Horseback riding is my passion. While my friends are at practice, I'm at the barn. In the summer of 1992, I was given the opportunity to use my knowledge of and love for horses in a unique way.
One of my younger brothers was eligible to participate in programs sponsored by VHSSA, or the Vermont Handicapped Ski and Sports Association. While I was watching him have a lesson, a friend, who happened to be an instructor, mentioned they were looking for volunteers. She knew I rode and asked if I would be interested. Always eager to be with horses, I said yes.
In the months that followed, I watched the sport, and the animals I love, work miracles. Children and adults with handicaps, some mild and others severe, came once a week for an hour of riding. Many came in wheelchairs, some barely able to sit up. A few were withdrawn, never smiling or laughing; others were unable to speak. No matter what their disability, a transformation occurred as they rode the patient school horses. Tightened muscles relaxed and huge smiles filled previously blank faces. The same people who had arrived dependent on others, left able to maneuver a horse through an obstacle course. I saw a little boy, who had never known the freedom of getting around on his own, earn the right to be let off the lead line and ride solo. Even those who always required assistance left the program with a sense of accomplishment - they had ridden a horse! Friendships developed between horse and rider. Those who wouldn't speak to other people, began to verbally praise their horses, and even thank them for the ride when the lesson was over.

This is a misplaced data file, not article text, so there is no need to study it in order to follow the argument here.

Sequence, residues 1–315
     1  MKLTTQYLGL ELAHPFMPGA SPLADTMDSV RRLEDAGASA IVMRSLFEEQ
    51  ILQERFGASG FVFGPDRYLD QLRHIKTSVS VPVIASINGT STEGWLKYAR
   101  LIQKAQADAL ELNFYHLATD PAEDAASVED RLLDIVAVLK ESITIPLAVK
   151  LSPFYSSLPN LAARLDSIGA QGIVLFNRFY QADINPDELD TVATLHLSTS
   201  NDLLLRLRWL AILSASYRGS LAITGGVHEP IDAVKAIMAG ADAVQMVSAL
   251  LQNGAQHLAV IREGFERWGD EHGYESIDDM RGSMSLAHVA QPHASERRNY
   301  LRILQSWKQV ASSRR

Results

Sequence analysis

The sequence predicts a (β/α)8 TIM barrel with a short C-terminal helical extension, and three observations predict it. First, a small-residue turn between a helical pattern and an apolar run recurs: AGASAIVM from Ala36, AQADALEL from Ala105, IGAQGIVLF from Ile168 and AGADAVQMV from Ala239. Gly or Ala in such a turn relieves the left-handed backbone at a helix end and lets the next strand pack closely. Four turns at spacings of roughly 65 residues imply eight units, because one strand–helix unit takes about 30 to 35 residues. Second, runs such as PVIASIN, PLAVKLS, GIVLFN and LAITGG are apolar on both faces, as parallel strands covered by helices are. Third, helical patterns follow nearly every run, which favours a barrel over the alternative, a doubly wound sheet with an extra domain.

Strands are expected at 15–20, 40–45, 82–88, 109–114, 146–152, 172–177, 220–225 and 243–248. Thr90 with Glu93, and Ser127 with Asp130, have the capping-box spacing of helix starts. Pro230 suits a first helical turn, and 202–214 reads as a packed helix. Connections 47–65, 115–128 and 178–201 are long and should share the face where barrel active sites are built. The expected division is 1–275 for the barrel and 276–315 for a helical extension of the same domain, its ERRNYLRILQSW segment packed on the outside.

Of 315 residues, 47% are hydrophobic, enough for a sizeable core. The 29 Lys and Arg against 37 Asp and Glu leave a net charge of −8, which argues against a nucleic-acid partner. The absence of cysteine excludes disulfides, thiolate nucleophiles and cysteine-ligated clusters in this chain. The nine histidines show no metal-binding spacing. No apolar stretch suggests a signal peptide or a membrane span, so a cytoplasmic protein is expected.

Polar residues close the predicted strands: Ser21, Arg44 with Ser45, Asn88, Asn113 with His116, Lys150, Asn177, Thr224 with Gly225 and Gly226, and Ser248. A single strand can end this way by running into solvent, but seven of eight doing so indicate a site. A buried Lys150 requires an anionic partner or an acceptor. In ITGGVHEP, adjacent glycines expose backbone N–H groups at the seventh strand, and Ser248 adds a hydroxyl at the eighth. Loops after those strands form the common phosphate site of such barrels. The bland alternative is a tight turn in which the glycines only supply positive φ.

Knowing that I had a part in putting smiles on these people's faces was the best feeling in the world. Giving truly is better than receiving. Yet I have received as well. Never again will I believe anything is impossible, because I have seen what true courage and determination can do. fl
This piece has been published in Teen Ink’s monthly print magazine.